US non-farm payrolls rise by 224,000 in June, calling Fed cuts in question
Hiring in the US picked up by a greater than expected 224,000 last month, leading some economists to trim their forecasts for interest rate cuts by the Federal Reserve at its next policy meeting on 30-31 July, whilst others dug in their heels against widespread predictions for imminent easing, anticipating instead that a move would come in September.
June's print on non-farm payrolls compared to a rise of 158,000 forecast by economists on the Street, following a downwardly-revised gain of 72,000 during May, and an average 183,000 increase over the previous three-month stretch.
In parallel, according to the Department of Labor, the US jobless rate ticked higher by a tenth of a percentage point from the month before to reach 3.7%, but mainly because the labour force participation rate also rose by a tenth of a point to 62.9%, as 335,000 more Americans entered the workforce.
Average weekly earnings grew by 0.2% month-on-month and 3.1% on the year, with the latter coming in a tad below the 3.2% advance expected by economists.
Following Friday's jobs data, as of 1352 BST, the yield on the benchmark two-year US Treasury note was racing higher by seven basis points to 1.83%, versus a session high of 1.85% and 2.55% one year ago.
In parallel, the US dollar spot index was adding 0.40% to 97.1560.
By sectors, hiring accelerated both in goods and services.
Withing the former, 37,000 new posts were created, following an 11,000 rise in May, led by a bounce in construction sector employment of 21,000 alongside 17,000 new hires in manufacturing.
Service sector hiring meanwhile recovered from May's pace of 72,000 to 154,000, even as employment in retail continued to languish in the face of the onslaught from digital outfits.
A proxy for the monthly rate of growth in gross domestic product, the index of aggregate weekly hours, rose by 0.2% month-on-month clip, following a drop of 0.2% in April and an increase of 0.1% for May.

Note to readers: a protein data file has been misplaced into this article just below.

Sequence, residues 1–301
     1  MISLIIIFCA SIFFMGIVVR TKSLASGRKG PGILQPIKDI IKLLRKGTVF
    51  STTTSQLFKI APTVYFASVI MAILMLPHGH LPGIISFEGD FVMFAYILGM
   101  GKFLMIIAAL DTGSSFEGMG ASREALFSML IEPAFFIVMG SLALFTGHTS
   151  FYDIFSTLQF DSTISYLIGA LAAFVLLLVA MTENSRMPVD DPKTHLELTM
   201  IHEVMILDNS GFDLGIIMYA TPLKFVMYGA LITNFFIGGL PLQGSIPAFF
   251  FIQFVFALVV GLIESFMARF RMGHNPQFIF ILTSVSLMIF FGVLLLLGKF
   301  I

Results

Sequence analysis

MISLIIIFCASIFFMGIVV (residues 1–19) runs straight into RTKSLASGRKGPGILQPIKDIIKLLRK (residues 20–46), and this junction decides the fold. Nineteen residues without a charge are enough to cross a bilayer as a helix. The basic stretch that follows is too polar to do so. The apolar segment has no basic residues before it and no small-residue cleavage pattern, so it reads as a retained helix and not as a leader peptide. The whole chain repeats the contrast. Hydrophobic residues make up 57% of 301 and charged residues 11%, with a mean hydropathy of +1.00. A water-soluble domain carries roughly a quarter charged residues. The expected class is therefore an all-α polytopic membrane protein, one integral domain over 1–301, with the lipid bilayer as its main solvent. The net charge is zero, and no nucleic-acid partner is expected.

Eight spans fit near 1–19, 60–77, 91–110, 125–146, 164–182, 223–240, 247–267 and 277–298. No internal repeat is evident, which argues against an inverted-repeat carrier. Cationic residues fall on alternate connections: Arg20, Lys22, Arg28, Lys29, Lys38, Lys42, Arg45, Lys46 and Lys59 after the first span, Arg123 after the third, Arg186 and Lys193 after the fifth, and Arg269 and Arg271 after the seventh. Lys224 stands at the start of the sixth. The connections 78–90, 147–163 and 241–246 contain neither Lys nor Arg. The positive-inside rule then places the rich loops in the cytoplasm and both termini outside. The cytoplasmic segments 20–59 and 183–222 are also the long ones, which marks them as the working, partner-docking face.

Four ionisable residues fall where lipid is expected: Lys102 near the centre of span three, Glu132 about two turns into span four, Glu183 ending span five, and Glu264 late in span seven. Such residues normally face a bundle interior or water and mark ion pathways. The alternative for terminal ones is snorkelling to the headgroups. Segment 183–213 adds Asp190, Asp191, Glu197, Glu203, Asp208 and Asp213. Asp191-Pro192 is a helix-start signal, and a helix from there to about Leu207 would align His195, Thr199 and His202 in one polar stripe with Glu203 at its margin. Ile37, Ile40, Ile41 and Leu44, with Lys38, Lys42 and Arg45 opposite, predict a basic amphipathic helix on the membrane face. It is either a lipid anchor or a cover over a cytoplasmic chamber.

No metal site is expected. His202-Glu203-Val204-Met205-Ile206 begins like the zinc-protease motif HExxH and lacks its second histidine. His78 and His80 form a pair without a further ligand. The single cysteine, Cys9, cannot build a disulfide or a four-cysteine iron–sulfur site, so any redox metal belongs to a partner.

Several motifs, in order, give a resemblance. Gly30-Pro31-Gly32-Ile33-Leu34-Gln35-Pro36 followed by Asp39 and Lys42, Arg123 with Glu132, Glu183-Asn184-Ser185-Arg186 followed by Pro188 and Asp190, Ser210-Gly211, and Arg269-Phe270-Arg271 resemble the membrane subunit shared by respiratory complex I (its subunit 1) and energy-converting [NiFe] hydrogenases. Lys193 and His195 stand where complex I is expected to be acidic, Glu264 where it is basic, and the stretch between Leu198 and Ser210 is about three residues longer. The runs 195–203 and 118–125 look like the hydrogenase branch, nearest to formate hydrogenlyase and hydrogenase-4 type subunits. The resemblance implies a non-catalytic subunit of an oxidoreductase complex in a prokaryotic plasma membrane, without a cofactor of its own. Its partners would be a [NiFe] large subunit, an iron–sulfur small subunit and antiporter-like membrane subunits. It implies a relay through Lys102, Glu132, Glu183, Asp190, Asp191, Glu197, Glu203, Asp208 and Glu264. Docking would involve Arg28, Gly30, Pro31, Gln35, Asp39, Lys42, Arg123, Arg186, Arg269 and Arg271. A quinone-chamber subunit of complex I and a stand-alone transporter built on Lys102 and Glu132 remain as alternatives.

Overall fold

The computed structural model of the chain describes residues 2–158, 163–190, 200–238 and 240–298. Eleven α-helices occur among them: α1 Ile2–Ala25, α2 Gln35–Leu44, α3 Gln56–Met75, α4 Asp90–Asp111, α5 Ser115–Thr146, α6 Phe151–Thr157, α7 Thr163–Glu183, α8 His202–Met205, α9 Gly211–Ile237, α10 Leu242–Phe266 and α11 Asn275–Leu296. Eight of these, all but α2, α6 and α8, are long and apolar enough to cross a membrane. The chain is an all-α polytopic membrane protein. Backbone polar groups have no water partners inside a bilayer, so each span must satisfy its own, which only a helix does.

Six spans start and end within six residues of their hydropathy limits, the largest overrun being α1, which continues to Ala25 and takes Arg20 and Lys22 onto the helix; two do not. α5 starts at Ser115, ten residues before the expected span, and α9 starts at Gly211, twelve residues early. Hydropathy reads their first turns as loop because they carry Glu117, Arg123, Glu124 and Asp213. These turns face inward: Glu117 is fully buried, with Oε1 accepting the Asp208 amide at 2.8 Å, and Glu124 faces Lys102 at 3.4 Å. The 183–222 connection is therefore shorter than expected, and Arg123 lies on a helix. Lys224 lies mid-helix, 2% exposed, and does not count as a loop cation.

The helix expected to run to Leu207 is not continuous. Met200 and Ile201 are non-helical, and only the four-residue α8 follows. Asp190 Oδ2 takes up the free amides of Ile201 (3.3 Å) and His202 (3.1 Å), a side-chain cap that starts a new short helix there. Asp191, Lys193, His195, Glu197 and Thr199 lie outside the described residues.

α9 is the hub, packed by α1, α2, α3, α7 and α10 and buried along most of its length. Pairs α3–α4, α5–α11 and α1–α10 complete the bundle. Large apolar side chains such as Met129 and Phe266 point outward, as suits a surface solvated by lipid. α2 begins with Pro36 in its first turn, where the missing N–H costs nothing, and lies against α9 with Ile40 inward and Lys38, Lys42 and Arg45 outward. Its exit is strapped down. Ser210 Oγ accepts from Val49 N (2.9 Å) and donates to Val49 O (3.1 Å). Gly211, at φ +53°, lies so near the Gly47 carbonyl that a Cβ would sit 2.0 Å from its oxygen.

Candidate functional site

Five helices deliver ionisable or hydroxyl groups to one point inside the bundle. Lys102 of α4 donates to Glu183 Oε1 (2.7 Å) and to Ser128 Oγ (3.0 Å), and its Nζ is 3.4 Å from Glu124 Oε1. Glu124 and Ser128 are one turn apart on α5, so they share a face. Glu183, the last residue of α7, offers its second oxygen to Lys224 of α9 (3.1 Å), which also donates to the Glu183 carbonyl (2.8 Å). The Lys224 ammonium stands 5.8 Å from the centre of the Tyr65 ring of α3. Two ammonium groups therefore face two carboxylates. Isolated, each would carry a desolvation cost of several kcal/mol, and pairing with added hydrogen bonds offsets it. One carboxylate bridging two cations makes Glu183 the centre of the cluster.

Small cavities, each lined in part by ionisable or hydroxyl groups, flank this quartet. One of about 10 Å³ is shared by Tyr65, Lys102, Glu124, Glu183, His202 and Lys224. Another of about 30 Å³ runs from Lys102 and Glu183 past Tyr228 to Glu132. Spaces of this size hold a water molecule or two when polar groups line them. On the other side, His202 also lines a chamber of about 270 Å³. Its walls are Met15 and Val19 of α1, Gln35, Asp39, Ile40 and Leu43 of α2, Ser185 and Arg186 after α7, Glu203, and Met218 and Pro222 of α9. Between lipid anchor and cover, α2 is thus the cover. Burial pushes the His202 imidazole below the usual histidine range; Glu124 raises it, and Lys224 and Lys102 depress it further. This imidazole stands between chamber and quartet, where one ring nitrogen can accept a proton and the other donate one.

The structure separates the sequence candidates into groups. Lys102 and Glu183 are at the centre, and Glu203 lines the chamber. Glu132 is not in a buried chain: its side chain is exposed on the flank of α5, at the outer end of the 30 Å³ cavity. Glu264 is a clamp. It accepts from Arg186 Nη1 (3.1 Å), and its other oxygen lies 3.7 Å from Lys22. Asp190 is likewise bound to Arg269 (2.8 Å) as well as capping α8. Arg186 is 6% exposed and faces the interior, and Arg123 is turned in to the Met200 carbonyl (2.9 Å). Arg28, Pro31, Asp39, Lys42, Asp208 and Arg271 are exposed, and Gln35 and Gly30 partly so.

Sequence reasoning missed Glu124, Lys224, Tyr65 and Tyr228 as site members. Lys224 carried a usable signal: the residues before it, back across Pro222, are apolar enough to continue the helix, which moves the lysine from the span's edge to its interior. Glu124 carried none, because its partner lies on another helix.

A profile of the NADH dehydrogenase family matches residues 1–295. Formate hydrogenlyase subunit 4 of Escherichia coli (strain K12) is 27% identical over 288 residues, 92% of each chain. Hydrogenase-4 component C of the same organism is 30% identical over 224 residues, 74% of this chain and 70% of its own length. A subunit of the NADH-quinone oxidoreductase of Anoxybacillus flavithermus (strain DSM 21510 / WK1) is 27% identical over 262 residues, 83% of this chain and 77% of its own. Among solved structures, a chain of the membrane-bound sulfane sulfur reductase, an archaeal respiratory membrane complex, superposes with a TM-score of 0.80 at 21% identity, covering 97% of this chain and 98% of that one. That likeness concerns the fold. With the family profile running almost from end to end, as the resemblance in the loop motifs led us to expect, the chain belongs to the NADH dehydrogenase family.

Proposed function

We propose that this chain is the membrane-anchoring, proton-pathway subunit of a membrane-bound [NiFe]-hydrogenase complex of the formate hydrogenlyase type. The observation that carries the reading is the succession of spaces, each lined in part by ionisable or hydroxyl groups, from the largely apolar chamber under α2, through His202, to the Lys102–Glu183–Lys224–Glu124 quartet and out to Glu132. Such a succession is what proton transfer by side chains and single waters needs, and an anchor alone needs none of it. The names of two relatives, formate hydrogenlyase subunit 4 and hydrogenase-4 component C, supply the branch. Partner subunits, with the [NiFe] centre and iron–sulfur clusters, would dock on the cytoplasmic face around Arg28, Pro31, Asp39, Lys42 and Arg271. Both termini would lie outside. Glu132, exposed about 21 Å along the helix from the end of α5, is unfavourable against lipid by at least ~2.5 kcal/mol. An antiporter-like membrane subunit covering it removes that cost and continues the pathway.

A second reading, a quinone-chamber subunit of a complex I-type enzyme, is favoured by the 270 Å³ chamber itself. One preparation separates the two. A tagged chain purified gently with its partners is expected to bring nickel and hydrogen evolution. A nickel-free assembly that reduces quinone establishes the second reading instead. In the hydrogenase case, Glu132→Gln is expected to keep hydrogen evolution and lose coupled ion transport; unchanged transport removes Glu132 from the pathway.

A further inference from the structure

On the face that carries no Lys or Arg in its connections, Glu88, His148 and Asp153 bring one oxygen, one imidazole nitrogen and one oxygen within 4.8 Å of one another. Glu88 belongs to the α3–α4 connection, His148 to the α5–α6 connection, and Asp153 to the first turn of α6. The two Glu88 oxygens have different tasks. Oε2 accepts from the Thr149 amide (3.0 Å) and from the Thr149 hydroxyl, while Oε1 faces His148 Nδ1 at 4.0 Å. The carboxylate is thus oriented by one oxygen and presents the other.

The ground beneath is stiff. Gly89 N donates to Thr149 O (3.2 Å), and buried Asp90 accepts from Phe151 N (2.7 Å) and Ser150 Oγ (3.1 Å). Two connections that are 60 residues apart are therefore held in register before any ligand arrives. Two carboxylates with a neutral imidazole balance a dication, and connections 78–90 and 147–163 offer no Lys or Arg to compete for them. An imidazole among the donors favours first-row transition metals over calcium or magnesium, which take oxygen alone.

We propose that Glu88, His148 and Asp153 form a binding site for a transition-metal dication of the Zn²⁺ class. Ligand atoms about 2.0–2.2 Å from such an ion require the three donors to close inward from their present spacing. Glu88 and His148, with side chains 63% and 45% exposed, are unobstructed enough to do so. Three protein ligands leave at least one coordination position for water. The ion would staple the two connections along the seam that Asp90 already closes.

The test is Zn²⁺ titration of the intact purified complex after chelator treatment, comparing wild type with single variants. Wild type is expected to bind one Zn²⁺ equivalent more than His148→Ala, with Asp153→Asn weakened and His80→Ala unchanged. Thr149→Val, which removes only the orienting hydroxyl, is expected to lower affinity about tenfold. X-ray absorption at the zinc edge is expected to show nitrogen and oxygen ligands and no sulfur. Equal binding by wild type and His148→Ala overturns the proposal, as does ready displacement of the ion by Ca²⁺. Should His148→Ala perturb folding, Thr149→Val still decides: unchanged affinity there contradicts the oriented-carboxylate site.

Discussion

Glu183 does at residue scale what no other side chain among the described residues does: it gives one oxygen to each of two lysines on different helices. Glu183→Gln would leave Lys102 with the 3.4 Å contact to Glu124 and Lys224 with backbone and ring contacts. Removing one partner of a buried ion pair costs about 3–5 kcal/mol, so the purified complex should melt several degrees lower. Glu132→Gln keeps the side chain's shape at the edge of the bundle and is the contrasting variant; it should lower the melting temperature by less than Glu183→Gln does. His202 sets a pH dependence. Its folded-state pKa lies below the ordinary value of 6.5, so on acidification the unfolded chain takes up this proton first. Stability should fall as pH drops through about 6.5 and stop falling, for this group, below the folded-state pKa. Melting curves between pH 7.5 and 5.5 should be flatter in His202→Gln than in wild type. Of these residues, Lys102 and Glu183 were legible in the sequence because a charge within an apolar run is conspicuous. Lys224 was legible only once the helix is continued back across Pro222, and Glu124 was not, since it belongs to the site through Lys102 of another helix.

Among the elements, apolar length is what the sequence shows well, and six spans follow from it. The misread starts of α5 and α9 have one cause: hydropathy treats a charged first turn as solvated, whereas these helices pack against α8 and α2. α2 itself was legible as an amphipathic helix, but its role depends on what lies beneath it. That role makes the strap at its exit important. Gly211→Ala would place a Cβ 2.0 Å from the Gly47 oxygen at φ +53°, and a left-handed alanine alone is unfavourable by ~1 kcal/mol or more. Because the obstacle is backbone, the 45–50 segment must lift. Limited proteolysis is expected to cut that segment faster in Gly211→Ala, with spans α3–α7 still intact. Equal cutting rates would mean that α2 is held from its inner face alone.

In an initial reaction to the data, most economists appeared to still expect a 25 basis point rate cut from the Fed at July's Federal Open Market Committee meeting.
To take note of, on 3 July, strategists at Bank of America-Merrill Lynch had told clients that a rise in non-farm payrolls of 225,000 or more, together with a 0.4% increase in average hourly earnings might see rate-setters in Washington D.C. hold off from any reductions in the Fed funds rate.
In the event, Michael Gapen at Barclays Research trimmed his prediction from a 50 basis point reduction in the target range for the Fed funds rate to 25 basis points, although he continued to anticipate 75 basis points-worth of rate cuts by year-end 2019.
Oanda's senior market analyst in New York, Edward Moya, appeared to be of a broadly similar view, saying: "Trade tensions are not really hitting the labor market yet, but lack of international investment in the US will eventually hit the data points. The Fed never makes a decision off of one economic data point and the narrative remains inflation is subdued, and global growth concerns are heightened.
"Despite the strong rebound in jobs and steady wages, the Fed will still likely deliver a 25-basis point insurance cut at the end of the month. For the Fed to consider a 50 basis point cut, we will need to see the July 26th second quarter advance GDP reading deliver a sub-2% reading."
Andrew Hunter at Capital Economics did not agree, saying the data made a "mockery" of expectations for fed cuts and stuck by his previous forecast for the first rate hike to come in September.
"[The data] would seem to make a mockery of market expectations that the Fed will cut interest rates by up to 50bp late this month. Employment growth is still trending gradually lower but, with the stock market setting new records and trade talks back on (for now at least), the data support our view that Fed officials are more likely to wait until September before loosening policy."
For Ian Shepherdson at Pantheon Macroeconomics meanwhile: "The continued tightening of the labour market points to a gradual upward trend ahead [in wage growth], but nothing that will stop the Fed operating its policy of responding to tighter financial conditions with jawboning, dot manipulation, and, ultimately, lower rates.
"The economy does not need the Fed to ease, but the market continues to scream for action on July 31. This Fed won’t disappoint unless the data between now and then are so clear that market expectations shift substantially. That’s entirely possible, but don’t bet on it."